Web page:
The priest who channeled Black Power into the Catholic Church

George Clements teamed with Black Panthers and helped create space to be both ‘authentically Black’ and ‘truly Catholic.’

In this Jan. 28, 1991, file photo, the Rev. George Clements receives the names of relatives serving in the Persian Gulf War from his parishioners in Chicago. Clements, the Chicago priest whose civil rights and social justice activism led to a television movie about his career, died Nov. 25, 2019, at the age of 87. (AP Photo/Fred Jewell)

(RNS) — Thanksgiving week began in mourning for the Catholic Archdiocese of Chicago and many black Catholics, as news came that the Rev. George H. Clements passed away on Monday, November 25. Only the second black priest ordained by the Chicago archdiocese, Clements had a profound impact on the American Catholic Church, the city of Chicago and countless lives across the country in his more than 60 years of service.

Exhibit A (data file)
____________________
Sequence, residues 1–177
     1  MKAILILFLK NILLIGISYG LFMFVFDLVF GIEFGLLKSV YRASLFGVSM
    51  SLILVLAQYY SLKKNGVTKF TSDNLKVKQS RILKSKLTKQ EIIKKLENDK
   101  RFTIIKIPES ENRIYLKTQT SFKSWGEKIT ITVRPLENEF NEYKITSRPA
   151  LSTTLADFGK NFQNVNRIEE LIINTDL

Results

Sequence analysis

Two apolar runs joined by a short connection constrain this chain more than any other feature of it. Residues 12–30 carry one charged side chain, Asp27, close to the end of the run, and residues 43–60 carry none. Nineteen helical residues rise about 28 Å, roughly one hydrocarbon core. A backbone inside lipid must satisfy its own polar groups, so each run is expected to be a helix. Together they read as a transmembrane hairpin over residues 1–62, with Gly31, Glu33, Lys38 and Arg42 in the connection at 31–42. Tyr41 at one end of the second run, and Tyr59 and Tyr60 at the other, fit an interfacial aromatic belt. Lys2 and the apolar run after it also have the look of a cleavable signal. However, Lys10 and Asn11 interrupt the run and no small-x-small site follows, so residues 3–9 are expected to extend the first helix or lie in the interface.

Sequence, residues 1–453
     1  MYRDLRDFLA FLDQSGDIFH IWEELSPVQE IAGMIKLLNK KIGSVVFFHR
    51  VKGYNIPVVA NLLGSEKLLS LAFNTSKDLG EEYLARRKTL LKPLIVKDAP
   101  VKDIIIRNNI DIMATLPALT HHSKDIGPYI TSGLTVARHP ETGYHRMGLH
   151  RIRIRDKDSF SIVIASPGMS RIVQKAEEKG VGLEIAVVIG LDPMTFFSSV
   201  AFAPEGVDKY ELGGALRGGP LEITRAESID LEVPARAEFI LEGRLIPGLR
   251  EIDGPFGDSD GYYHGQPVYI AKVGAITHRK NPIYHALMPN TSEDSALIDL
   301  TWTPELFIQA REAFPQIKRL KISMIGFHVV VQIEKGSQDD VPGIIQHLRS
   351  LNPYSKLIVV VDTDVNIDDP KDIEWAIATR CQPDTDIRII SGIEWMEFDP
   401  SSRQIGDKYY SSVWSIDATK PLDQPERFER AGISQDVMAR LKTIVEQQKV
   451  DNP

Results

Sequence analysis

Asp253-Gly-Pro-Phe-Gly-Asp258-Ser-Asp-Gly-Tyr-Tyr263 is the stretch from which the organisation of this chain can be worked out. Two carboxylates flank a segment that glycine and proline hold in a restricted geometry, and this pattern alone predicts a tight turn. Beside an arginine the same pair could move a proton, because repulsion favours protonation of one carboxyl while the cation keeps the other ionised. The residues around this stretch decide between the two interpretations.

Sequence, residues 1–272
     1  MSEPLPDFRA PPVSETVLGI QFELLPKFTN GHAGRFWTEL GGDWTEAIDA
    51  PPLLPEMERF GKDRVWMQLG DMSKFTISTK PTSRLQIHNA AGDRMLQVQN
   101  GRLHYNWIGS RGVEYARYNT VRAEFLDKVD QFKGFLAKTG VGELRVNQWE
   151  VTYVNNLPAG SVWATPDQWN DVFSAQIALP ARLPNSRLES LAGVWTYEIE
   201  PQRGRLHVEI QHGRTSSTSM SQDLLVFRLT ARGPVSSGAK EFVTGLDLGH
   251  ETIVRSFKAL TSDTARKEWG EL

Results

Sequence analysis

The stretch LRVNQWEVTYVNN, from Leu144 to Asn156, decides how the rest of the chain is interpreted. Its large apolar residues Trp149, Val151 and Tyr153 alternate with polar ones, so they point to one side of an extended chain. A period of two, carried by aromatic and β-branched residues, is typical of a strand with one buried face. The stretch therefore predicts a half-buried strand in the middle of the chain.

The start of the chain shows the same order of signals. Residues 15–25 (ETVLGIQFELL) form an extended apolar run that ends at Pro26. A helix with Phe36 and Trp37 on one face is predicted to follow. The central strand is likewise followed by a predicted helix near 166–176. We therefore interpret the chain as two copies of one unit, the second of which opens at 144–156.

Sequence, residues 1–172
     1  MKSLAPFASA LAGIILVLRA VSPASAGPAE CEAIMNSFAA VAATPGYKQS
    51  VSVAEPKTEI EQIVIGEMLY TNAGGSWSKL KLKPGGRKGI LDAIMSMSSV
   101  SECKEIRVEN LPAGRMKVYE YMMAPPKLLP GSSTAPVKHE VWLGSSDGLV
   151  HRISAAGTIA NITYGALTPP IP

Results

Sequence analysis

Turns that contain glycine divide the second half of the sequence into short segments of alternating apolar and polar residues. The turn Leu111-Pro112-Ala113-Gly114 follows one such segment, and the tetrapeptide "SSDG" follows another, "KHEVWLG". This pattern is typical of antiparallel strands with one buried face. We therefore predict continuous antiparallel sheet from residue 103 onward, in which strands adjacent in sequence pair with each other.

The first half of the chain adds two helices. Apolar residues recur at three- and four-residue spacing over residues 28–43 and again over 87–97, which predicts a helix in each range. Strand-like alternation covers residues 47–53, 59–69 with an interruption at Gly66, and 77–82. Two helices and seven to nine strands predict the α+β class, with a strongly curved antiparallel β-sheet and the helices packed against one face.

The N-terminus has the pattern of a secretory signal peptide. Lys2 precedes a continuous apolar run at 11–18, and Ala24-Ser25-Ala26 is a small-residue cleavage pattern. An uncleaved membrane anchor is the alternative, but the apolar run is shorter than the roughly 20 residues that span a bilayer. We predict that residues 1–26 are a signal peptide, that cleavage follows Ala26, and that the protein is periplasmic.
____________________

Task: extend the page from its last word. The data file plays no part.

Headlines linked him to Martin Luther King, our touchstone for the civil rights era, but Clements is better understood as a black Catholic transformed by Black Power, a man who helped create space to be both “authentically Black” and “truly Catholic.” 

Certainly, Clements was present at King’s March on Washington for Jobs and Freedom in 1963, along with parishioners from St. Dorothy Catholic Church in the Bronzeville neighborhood on Chicago’s South Side. He answered King’s call to march from Selma to Montgomery, Alabama, for voting rights in 1965. But he was revolutionized by King’s assassination in 1968.

RELATED: George Clements, Chicago priest known for adopting sons, dies at 87

When asked “When did you first think of yourself as black and Catholic?” he answered with the clarity of a conversion story. “I can pinpoint the exact moment. April the 4th, 1968, a bullet whizzed through the head of Martin Luther King. I looked in the mirror and I said from now on, I’m gonna be a Black man.”